What is the pandemic teaching us about ableism?
The pandemic has really highlighted just how much disabled lives aren’t valued. Many people don’t really ever think about those of us who have underlying health conditions or disabilities. But we’re here! We are your family members, your colleague, your lovers. We also hear and see what you’ve been saying during this pandemic.
During the last two and a half years we have seen how you’ve treated us. We’ve heard how little you value our lives and contribute to society. We’ve heard how we have to get back to ‘normal’ even though we’re still dying. The majority of those who have died have been disabled. A minority of those who have survived have also become part of our community.
When you think of someone who is disabled, it is usually one that you can clearly see. Someone who has one arm, someone who’s in a wheelchair. The thing is, most disabilities aren’t visible. Most people have this perception that very few people are disabled because they simply can’t see their disability. This is very far from the truth.
This minimising of just who we are causes so many issues. This is where the idea that “only those with underlying health conditions die” is so damaging. We may be your boss, your friend, your co-worker, your doctor, your grocery isle worker. Our lives are worth living. We have aspirations, family and friends. We have a life too, and just because you have a very low risk of death from a severe virus doesn’t mean we do too. It’s so harmful to put us down as those who don’t matter.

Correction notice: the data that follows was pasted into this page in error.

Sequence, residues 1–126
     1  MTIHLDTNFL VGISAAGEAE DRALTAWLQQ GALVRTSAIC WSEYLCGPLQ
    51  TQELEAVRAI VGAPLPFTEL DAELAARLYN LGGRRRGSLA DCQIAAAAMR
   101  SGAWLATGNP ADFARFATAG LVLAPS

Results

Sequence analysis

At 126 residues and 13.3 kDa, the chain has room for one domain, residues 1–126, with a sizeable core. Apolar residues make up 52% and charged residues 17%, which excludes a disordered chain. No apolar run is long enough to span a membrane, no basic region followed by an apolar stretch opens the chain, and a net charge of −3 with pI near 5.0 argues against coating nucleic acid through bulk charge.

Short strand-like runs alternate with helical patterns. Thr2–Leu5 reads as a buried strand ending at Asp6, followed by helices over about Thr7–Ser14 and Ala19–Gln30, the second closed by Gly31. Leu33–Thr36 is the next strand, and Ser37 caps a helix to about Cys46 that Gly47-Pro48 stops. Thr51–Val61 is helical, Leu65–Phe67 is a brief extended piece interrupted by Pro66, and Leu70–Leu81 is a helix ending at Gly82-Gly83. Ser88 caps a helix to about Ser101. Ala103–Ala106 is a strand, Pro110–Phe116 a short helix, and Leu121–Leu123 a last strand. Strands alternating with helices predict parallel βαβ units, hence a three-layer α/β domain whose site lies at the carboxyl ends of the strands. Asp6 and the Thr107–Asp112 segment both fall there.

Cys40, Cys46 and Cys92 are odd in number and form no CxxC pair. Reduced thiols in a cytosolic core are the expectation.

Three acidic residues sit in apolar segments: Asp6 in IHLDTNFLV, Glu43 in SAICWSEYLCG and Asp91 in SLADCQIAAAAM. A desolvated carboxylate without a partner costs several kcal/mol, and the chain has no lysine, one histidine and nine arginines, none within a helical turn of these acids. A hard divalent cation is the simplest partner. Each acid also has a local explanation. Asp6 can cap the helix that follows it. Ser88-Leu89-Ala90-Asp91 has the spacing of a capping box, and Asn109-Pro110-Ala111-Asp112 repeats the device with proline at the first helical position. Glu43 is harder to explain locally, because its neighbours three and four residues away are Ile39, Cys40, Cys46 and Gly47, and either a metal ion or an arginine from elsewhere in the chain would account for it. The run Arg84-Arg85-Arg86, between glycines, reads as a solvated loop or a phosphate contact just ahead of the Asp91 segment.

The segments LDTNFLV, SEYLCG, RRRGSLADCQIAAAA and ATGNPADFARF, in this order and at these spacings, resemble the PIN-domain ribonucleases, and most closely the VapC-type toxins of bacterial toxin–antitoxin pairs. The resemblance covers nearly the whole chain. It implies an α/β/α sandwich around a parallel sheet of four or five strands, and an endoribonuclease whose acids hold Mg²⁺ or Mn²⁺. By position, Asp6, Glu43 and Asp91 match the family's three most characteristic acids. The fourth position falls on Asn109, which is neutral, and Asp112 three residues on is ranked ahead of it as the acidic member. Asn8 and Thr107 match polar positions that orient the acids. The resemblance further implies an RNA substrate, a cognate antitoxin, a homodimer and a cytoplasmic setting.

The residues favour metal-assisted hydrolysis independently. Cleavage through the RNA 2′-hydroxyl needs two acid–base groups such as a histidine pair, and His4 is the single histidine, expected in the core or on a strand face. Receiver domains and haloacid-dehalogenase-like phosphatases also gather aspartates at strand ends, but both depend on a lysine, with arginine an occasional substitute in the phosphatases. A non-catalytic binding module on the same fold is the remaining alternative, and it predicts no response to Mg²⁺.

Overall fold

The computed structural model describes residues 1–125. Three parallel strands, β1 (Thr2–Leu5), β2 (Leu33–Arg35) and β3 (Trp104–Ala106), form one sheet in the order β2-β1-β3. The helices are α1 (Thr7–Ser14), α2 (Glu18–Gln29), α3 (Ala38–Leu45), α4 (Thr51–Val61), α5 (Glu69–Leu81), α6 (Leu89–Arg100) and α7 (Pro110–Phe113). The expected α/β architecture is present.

This idea that we don’t matter has spread. We are currently in a world where the majority think that the virus is gone or somehow less severe than it used to be and has now evolved into the flu. This is simply not true. The risk is higher now than it has ever been with no restrictions to mitigate anything.
Our lives are still at risk from this virus, however, ableism has taken over and so many people simply don’t care anymore. As a disabled person, it’s really disheartening to hear these views. It’s difficult to come to terms with not being valued, especially when it’s coming from people you love.